The proceeds will then be distributed amongst the company’s outstanding creditors. If any debts remain once all funds have been distributed, then they will be written off, provided they are not secured by personal guarantees. The company will then be closed and removed from the Companies House register, marking its end as a commercial entity.

CVL Benefits

In addition to being an effective method of closing an insolvent company, the CVL process offers some legal benefits, too. Once a company is entered into a CVL, it enjoys protection from legal action. In essence, this means that a company’s creditors cannot take any action against it, ensuring that compulsory liquidation cannot be enforced. This spares directors from the negative effects of compulsory liquidation, which is a strong benefit in its own right.

Furthermore, entering a company into a CVL demonstrates a willingness on the part of directors to act in their creditors’ best interests. This can be extremely advantageous, as it greatly reduces the odds of creditors making accusations of misconduct or mismanagement. In the event, these accusations are made and reach the courts, placing a company into a CVL shows initiative from the directors, making the allegations less likely to carry weight. If you would like to know more about Creditors’ Voluntary Liquidations, read our complete guide to the process.

Business rescue plan

For some struggling companies, closing via a CVL is not an attractive option. Such companies typically have a viable business model underneath all the financial difficulty, which could result in the business being profitable with a helping hand. Thankfully, a helping hand can be extended, in the form of a business rescue plan.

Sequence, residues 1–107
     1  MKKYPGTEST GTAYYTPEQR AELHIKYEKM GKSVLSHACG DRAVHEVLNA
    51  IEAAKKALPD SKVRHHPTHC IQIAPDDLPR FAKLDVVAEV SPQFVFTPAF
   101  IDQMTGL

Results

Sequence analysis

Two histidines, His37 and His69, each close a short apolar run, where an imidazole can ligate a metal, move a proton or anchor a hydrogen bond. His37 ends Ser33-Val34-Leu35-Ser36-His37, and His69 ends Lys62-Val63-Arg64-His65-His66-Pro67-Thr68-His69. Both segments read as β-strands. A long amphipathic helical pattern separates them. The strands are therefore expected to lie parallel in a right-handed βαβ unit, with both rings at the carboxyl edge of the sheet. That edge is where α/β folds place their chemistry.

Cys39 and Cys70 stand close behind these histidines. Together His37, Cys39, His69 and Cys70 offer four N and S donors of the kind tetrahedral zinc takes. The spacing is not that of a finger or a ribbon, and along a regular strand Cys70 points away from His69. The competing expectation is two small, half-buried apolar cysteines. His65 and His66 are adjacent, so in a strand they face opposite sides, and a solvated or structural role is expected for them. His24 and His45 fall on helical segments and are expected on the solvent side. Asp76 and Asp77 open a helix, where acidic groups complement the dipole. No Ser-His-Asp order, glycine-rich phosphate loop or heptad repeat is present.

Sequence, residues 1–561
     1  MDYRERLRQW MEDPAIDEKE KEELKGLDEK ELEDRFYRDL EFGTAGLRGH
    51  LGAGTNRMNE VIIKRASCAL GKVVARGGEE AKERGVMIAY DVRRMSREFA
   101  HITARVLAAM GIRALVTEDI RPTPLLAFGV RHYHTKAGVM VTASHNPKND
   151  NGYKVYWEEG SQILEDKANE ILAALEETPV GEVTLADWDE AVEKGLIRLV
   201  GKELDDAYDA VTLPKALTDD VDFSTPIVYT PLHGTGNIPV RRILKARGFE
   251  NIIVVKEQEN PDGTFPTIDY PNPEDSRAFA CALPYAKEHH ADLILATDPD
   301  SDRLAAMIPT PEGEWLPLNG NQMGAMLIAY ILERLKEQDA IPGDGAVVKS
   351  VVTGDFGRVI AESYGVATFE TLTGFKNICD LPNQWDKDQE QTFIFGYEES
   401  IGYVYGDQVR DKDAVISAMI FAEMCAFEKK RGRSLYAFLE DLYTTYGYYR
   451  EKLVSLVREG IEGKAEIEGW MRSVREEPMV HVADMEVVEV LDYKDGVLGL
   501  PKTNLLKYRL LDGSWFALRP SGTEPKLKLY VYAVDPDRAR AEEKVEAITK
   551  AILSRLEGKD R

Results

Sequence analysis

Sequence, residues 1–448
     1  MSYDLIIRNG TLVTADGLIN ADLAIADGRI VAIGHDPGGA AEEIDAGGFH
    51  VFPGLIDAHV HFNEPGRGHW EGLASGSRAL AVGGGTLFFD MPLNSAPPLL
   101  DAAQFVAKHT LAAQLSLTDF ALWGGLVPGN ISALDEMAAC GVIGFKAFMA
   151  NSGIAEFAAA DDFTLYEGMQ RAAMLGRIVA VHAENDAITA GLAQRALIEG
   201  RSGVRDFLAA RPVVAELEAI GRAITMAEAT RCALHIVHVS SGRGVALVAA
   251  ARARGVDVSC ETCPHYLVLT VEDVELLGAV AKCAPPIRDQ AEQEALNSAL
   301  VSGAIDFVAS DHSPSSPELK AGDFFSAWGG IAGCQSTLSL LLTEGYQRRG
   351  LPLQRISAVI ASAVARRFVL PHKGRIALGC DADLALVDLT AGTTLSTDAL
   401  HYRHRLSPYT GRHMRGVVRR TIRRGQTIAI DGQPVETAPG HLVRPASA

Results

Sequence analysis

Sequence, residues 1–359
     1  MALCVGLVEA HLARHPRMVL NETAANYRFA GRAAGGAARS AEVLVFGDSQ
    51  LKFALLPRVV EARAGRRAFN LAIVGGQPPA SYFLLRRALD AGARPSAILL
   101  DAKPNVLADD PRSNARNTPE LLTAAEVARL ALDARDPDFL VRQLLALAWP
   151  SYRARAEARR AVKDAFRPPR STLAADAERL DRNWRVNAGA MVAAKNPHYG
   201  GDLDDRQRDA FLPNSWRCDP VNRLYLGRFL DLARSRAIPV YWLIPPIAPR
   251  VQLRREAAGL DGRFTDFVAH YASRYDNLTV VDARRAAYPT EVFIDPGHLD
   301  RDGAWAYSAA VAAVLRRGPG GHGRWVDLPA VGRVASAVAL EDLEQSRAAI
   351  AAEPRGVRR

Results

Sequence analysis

Business rescue plans can be implemented by licensed insolvency practitioners. They will assess your company, draft a rescue plan tailored to your company’s unique needs, and ensure it is implemented adequately. The specifics of this plan are difficult to quantify, as all companies are different from one another. That said, there are some typical courses of action. Your business rescue plan could include a thorough plan to repay debts in a structured manner, the removal of unprofitable parts of the company, or streamlining and cost-cutting methods. If you believe a business rescue plan could help your company, contact Clarke Bell today.


Revolving credit facilities can be used to fund a business’s growth with a great degree of flexibility. It can lessen the strain on a tight cash flow, and provide a reserve of capital that can be accessed throughout the repayment process. This can help weather unforeseen storms, picking up the shortfall if unexpected costs mount up. As revolving credit facilities have no fixed end, they can be used as much or as little as necessary.

Revolving credit facilities can also prove useful as a means to build an excellent credit score. As it is a revolving form of borrowing, with regular repayments over a long stretch of time, it can be a massive boost to your credit score. Because of this, and the aforementioned reasons, a revolving credit facility can be an indispensable tool for businesses looking to raise funding.

If, however, your business has underlying issues that mean it will continue to struggle in the long term, then revolving credit facilities will not be enough to alleviate your business’s financial issues. If you think that you need independent advice prior to making a decision on whether to take out a revolving credit facility, Clarke Bell is here to help. We have decades of experience assisting businesses through corporate restructuring and the liquidation process, providing an expert level of support through MVLs, CVLs, and other services. Schedule a free consultation today and find out what we can do for you.